The Australian Human Rights Commission in partnership with Sport Australia and the Coalition of Major Professional and Participation Sports (COMPPS), have just launched new guidelines that promote the inclusion of transgender and gender diverse people in sport.
The Guidelines, which were announced in Melbourne today, provide information on the Sex Discrimination Act 1984 (Cth) and guidance on creating and promoting inclusive environments in sport.
Sport Australia CEO, Kate Palmer, said the simplest approach was to “put people first”.
“Sport must be safe and inclusive for all because every Australian has the fundamental right to enjoy the wonderful benefits of sport and physical activity,” Palmer said.
“Sport Australia stands for inclusivity and we want every person in Australian sport to stand with us.
“Research tells us gender diverse people, particularly young people, want to engage more in sport and physical activity but often face or fear peer rejection.
“It must take strong, proactive leadership to stand up against any attitudes or behaviours that lead to discrimination in sport, so I urge every sporting organisation to use this resource as a guide to make your sport more inclusive.
“But it’s not just up to our sport leaders, every single person involved in Australian sport can play an important part in being more inclusive.”
Sex Discrimination Commissioner, Kate Jenkins, said the Australian Human Rights Commission consulted with a broad range of sporting stakeholders, including transgender and gender diverse participants across a variety of sports and competition levels to develop the guidelines.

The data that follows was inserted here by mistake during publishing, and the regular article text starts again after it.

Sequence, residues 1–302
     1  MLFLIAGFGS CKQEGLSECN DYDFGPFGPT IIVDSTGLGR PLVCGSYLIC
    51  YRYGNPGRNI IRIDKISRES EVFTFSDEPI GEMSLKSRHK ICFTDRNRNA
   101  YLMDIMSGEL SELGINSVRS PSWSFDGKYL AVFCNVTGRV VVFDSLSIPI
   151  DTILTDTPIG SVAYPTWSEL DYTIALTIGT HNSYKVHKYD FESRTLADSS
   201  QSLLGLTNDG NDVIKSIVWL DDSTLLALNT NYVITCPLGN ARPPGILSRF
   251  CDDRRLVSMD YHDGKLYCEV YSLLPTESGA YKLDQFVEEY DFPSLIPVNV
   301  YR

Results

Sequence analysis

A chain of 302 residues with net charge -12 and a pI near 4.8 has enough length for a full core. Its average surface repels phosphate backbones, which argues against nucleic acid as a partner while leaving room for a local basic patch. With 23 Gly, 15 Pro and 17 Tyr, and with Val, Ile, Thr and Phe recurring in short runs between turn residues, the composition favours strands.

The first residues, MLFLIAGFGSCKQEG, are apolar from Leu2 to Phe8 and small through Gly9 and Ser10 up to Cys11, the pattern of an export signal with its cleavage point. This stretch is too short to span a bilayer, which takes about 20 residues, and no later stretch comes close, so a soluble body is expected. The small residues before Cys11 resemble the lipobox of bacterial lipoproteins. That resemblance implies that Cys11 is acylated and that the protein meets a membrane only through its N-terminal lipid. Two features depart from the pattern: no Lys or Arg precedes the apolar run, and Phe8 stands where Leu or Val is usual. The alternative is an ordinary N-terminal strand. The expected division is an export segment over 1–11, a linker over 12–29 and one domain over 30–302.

“Unfortunately transgender and gender diverse people are sometimes excluded from sport or experience discrimination and sexual harassment when they do participate,” Jenkins said.
“While some reported positive experiences of inclusion, others described how they had been excluded from the sports they loved because of their sex or gender identity.
“Some spoke of disengaging from sport during their transition journey because of their concern about how their teammates would treat them.
COMPPS represents some of Australia’s biggest sports, including 9 million participants and 16,000 clubs.
COMPPS spokesperson, Craig Tiley, urged all sports to engage with the guidelines.
“We are proud to be involved in the development of these guidelines, but these are just words on pages until we, as sports leaders, implement them and bring them to life,” Tiley said.
“As custodians for our sports, we all need to embrace and promote the importance of diversity and inclusion so that sport better represents individuals, communities and Australia as a whole.”
The Guidelines can be accessed at: www.sportaus.gov.au/transgender